Jack has only forty-eight hours until the twice-stolen cash will literally explode (there’s a really good bit of explanation/exposition about why this will happen).
That’s a brief run-down of the context for the novel. There’s a whole lot more that happens, and Jack is pulled into a veritable snakes-nest of double-crossing, treachery, and bad histories. He’s a great guide, though, and through his eyes Hobbs gives us a great overview of a whole host of criminal behaviour and considerations. The author offers a lot of detail, too, which is both a blessing and a curse.
The level of detail is a boon because it adds a considerable amount of depth, background and authenticity to the novel. At the same time, and this really only accounts for the first 60-pages or so, it can also feel a bit like he’s giving us info-dumps. It feels, at times, like everything is explained and described, even if it really doesn’t have to be. This gives the first few chapters a slight over-written quality, which made me a little wary. That being said, the novel quickly gets going, and these concerns were left in the dust – a combination of a fast-moving plot and Hobbs’s excellent prose just pulled me through.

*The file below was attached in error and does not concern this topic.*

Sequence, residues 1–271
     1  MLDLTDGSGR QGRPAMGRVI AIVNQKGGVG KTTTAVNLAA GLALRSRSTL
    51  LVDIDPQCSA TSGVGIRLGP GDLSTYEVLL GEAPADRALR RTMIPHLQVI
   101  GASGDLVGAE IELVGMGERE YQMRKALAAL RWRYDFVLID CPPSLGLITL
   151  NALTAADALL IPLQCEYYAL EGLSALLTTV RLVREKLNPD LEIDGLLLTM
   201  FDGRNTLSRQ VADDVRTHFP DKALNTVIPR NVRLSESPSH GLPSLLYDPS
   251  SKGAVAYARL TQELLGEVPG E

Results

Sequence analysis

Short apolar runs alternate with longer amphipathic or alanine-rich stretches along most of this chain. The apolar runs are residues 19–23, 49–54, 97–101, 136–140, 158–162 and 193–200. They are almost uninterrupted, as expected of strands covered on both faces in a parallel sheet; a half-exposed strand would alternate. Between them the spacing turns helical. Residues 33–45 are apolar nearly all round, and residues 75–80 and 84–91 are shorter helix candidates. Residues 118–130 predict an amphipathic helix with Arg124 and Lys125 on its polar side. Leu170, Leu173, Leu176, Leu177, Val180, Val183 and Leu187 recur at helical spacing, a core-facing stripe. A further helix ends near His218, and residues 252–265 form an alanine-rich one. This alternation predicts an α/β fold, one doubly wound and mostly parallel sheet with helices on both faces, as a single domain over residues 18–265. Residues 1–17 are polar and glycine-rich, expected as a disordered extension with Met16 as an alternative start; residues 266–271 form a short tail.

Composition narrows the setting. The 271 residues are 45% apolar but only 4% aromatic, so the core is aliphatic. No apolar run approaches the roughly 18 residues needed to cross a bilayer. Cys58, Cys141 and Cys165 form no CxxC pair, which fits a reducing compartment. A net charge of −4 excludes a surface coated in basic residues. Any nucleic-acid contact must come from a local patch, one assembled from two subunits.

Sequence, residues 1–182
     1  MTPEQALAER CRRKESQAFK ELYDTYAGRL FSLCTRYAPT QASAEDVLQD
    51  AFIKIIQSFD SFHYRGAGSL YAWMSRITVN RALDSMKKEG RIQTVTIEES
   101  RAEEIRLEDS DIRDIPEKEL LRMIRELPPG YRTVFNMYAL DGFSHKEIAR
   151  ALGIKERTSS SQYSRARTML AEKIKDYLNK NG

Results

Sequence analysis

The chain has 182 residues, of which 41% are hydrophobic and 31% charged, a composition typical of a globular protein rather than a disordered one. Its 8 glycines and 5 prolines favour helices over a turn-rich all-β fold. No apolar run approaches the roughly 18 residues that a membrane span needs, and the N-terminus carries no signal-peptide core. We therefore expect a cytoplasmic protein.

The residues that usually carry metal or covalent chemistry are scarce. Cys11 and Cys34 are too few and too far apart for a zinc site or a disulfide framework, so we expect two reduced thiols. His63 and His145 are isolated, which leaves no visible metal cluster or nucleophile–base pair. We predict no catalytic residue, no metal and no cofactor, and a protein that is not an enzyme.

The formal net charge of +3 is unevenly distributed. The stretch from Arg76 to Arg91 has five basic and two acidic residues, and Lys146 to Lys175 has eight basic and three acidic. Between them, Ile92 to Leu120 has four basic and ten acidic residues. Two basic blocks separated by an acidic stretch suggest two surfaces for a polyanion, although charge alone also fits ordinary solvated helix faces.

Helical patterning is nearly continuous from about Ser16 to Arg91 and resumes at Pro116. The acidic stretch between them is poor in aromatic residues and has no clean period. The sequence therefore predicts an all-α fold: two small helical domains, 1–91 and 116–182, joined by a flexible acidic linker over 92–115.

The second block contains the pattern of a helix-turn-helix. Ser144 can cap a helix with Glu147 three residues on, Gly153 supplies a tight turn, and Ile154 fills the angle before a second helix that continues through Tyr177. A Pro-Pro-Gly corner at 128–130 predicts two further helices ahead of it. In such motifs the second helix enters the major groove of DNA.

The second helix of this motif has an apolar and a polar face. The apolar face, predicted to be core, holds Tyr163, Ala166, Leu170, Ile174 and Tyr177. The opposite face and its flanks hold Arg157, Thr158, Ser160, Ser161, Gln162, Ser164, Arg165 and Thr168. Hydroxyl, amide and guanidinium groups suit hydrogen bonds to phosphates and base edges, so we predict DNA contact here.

The premise is, after all pretty cool. And, to be honest, many of the info-dumps were genuinely interesting and well-written (I got the feeling that Hobbs rather enjoyed the research for this novel, which might explain the level of detail in some instances).
All of Hobbs’s characters are well-rounded and written, and even those who only feature on the periphery or fleetingly are believable. Jack’s very nature precludes much background, but Hobbs manages to pull this off, and I still felt I got to know him enough to care about his fate. I also liked that the protagonist was aware of his own limitations: he has plenty of skills and considerable knowledge, but he can’t do everything by himself. He’s almost self-deprecating at times. He is also just a tad pretentious. As is common for the thriller genre, he has a quirk, something that makes him unusual and stand out: for pleasure, he translates the classics, into multiple languages. I thought this was a tad pretentious, but it’s not exactly prominent in the story, so didn’t have any impact on my enjoyment (or the plot). Although, that being said, I did learn a nice bit of latin: “Flectere si nequeo superos, Acheronta movebo”, which according to Jack means, “If you can’t reach heaven, raise hell.”